The Garden (2013 - ongoing)
The Garden is shaped by a series of unrelated events which incidentally intersected over the years. In October 2010, while on a short business trip to Japan, I found myself strolling as an uninformed and ignorant tourist in front of the Imperial Palace in Tokyo.
With a three hour time window to fill, I stepped in to visit the East Gardens. Coming from one of the last eastern European countries with truly wild and untamed natural landscapes and forests (and fairly ugly man-made parks), I found myself intrigued by the carefully trimmed and manicured lawns, bushes and trees, designed ponds and groves, bridges and winding paths. My passage was brief. I took a few straight photographs as a personal documentary reference and left.
Back in Vienna, the photographs were transferred to my computer’s memory and, within a very short time, the imperial garden from the Edo Castle grounds faded from my own memory.
In 2013, I embarked on a project highly Sisyphean in nature. Travelling on a regular basis from Austria to Italy, two or even three times a month, I began photographing the lights from the tunnels that cross the Alps shared by the two countries. My aim was to produce one day a large composite work using these light lines recorded deep in the guts of the mountains.
A year later I became interested in Asian calligraphy and ink drawing and occasionally I would look forth and back at Japanese photography and at Chinese, Japanese or Korean ink drawings.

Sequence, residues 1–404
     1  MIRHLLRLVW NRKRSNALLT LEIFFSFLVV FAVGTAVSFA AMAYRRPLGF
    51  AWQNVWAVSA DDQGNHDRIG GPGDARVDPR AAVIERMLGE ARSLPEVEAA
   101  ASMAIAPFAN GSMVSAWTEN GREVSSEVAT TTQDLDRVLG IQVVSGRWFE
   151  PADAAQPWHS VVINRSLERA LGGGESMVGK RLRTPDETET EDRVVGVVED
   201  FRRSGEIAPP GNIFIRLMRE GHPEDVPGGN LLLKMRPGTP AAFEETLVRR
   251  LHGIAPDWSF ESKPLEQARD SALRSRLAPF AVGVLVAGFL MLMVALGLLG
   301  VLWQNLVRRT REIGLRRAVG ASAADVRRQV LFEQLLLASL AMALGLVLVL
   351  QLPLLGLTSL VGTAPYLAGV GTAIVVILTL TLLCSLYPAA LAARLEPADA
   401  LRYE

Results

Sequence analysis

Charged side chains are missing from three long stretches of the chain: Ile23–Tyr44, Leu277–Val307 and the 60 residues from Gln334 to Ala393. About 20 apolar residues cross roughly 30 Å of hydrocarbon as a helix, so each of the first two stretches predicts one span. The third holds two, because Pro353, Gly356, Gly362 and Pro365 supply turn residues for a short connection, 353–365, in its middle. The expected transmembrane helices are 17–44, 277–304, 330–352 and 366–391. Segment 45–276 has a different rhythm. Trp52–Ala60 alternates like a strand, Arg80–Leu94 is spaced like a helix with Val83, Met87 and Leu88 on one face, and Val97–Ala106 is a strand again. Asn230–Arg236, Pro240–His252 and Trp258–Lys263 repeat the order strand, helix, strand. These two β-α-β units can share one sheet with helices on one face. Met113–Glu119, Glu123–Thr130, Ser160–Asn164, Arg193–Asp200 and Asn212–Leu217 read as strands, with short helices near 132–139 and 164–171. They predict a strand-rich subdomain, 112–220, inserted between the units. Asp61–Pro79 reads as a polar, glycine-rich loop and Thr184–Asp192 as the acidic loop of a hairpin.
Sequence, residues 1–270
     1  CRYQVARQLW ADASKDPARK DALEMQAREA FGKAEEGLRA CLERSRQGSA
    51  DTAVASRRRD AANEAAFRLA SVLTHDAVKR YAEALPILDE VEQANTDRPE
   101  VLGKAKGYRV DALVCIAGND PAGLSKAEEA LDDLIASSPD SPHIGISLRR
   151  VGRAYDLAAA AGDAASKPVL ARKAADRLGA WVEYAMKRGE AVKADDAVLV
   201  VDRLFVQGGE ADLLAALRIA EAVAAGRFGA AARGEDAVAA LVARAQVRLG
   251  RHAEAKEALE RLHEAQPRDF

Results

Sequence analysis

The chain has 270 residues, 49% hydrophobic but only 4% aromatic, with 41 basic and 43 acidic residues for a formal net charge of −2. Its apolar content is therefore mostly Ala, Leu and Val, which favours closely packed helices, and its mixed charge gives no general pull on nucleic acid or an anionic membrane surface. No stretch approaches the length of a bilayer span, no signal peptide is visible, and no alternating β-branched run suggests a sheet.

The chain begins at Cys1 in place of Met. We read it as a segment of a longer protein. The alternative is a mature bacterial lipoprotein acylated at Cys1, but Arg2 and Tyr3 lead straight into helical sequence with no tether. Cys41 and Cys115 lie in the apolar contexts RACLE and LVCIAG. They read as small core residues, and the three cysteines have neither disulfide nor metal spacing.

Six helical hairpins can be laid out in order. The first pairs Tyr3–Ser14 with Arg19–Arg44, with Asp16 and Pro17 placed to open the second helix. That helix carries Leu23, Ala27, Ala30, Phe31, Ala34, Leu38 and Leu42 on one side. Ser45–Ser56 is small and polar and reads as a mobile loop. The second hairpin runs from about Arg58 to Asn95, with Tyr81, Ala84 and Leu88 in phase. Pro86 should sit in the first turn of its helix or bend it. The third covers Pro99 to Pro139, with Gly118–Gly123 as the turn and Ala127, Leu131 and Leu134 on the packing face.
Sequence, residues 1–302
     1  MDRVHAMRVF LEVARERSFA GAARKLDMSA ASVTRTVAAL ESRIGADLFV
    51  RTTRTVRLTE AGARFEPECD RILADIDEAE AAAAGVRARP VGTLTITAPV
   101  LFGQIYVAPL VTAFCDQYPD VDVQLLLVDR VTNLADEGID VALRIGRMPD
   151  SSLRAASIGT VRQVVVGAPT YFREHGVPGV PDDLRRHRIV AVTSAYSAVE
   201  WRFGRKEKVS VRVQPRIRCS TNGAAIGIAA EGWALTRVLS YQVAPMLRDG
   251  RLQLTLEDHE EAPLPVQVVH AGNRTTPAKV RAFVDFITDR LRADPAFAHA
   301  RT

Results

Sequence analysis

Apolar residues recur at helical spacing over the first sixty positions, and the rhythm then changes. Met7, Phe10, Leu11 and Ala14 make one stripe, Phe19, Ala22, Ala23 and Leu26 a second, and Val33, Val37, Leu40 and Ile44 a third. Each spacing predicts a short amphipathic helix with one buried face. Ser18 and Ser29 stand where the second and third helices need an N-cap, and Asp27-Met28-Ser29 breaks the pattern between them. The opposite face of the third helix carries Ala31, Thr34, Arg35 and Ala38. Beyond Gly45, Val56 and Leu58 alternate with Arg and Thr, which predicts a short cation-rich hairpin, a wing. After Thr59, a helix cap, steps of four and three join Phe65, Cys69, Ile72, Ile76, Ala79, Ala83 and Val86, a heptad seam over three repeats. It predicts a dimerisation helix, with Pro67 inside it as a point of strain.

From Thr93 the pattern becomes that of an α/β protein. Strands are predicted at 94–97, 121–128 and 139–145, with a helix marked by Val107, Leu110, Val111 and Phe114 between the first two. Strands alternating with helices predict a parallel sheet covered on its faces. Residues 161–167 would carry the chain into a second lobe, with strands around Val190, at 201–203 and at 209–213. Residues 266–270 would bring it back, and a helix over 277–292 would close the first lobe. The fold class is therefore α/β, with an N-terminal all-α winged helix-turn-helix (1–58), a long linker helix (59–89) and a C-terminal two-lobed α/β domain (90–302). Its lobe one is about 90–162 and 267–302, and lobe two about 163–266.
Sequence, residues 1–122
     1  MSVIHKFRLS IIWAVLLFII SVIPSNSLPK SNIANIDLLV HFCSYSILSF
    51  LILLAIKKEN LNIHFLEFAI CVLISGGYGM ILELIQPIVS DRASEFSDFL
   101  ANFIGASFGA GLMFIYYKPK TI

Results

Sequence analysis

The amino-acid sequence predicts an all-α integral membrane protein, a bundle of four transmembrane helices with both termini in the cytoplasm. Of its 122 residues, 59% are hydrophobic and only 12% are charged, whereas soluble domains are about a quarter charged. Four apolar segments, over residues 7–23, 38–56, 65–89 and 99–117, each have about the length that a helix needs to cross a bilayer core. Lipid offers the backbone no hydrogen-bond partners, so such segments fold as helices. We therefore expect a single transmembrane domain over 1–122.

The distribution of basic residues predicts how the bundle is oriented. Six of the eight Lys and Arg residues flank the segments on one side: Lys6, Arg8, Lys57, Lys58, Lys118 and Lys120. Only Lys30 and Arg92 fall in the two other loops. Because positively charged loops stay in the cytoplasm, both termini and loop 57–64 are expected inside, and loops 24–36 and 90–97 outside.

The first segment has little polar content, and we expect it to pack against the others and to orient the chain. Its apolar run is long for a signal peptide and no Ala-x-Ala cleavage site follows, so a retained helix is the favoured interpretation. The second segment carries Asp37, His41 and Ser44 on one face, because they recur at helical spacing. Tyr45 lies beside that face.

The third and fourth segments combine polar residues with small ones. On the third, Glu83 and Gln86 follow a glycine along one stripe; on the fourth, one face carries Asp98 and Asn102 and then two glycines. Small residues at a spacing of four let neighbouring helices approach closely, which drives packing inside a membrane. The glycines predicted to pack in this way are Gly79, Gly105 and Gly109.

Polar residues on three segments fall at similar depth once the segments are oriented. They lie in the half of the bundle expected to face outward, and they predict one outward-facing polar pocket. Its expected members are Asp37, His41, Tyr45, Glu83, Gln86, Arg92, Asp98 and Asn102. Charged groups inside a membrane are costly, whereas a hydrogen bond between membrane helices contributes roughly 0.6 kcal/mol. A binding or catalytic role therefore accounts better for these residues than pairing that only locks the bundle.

The lines photographed in the tunnels from the Alps turned into ‘brush strokes’ and even if I abandoned my initial project, I kept on making the photographs. The technical limitations of capturing the same lights from a car moving at 100 km per hour through a tunnel pushed me to develop my method and improvise in search for different strokes. The gestural and fluid moves of my hands holding the camera became the centre of my endeavour.
In the spring of 2015, while browsing through more than 5000 images recorded in these tunnels, the forgotten Japanese imperial garden resurfaced in mind. Without looking at any of the documentary photographs, I tried to recreate it in form of triptychs from my own photo ‘brush strokes’.
The Garden is now my exercise of memory reconstruction through abstraction, an examination of the creative path itself and a depiction of how thoughts are shaped in mind over time.
The black frame recalls the three hour window I spent in the East Gardens and may obstruct the view, as my own view and understanding of what I was seeing had been obstructed at the time. What is inside each frame is imagined but it is also as real as I can remember it and see it.